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Cloud building

August 3, 2011

by Tami Wedekind

In the late 1950s and early 1960s, when art and crafts were viewed in America as mutually exclusive disciplines, Lenore Tawney brought the craft of weaving to high art and “Fiber Art” was born.  Trained as a sculptor and as a weaver, she combined several different techniques to invent large, abstract sculptural forms that assumed a grand architectural scale.

Her “Waters Above the Firmament” (1976), the last work she made on the loom, was 12 feet by 12 feet. The 1983 “Cloud Sculpture,” a suspended environment made of thousands of knotted blue threads, was three times as large, an ethereal Niagara.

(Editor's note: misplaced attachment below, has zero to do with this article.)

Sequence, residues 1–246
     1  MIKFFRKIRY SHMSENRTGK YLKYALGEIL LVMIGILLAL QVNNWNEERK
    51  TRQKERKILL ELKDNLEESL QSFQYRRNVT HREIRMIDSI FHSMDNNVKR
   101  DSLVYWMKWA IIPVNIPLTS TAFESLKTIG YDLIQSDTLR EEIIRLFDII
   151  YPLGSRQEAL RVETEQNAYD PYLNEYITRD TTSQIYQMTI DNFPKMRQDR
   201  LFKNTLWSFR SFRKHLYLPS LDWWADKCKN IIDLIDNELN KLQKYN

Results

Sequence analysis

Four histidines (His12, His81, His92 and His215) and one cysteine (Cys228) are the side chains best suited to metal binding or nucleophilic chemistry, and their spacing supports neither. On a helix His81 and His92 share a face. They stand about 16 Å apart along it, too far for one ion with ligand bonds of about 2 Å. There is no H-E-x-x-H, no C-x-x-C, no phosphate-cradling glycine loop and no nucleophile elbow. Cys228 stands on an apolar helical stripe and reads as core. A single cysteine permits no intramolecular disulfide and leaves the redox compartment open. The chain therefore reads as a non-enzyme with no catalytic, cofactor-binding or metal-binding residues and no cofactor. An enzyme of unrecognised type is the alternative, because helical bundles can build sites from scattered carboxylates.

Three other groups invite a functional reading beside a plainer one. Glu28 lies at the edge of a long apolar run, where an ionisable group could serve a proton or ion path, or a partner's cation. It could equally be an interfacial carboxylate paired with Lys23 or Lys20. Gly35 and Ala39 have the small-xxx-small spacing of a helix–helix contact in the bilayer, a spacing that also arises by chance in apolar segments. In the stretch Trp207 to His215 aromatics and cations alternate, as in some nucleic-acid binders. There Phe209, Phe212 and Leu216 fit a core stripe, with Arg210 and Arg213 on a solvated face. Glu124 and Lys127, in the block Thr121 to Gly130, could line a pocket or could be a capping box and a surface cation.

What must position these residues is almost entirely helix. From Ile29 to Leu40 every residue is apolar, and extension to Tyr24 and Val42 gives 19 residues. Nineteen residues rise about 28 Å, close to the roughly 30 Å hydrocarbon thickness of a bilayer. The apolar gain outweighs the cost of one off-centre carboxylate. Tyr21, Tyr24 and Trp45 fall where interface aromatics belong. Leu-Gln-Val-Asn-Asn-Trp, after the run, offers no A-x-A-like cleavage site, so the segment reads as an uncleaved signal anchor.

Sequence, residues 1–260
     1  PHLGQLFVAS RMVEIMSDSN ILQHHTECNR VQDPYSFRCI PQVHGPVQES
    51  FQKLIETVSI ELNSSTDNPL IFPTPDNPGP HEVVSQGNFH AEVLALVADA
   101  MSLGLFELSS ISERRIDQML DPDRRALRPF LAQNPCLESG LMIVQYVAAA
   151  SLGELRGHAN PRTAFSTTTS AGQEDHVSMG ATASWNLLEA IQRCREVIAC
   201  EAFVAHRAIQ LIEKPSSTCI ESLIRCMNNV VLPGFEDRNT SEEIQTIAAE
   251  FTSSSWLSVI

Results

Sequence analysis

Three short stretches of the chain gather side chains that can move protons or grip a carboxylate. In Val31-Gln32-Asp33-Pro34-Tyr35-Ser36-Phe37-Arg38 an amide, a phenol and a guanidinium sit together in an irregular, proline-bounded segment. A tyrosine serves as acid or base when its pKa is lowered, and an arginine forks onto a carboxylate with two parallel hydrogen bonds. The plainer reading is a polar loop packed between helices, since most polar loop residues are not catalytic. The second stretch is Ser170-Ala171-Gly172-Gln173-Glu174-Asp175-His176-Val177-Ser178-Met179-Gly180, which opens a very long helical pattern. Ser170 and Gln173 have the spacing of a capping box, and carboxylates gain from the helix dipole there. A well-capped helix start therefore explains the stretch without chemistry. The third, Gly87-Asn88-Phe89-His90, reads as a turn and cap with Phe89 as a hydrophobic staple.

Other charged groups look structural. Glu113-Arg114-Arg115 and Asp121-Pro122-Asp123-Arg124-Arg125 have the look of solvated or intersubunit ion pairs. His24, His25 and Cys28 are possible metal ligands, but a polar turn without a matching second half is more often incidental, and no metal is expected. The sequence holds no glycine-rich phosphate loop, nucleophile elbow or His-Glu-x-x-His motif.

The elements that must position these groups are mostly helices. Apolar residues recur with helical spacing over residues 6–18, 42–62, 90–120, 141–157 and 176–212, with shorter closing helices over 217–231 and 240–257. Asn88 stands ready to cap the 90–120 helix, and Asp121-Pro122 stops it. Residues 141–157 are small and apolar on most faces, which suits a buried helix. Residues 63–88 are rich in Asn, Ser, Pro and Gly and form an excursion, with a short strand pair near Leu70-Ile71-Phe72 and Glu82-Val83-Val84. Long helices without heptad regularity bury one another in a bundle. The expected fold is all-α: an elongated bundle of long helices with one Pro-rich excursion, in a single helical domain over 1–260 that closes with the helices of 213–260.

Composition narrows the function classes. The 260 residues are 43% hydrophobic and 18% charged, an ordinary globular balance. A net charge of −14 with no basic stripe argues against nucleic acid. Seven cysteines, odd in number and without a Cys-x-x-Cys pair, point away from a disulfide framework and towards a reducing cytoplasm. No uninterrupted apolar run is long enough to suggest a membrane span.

“Retrospection…can… serve as an active
agent…it thus can suggest new areas for experimentation…”

from Anni Albers “On Designing”


One Comment leave one →
  1. August 10, 2011 6:02 pm

    That is a photo of Lenore Tawney’s studio and what she did most notably was leave the rectangular shape dictated by the loom and create 3 dimensional shapes that explored form and transparency. She took the “craft” of weaving to unexplored territory at the time.

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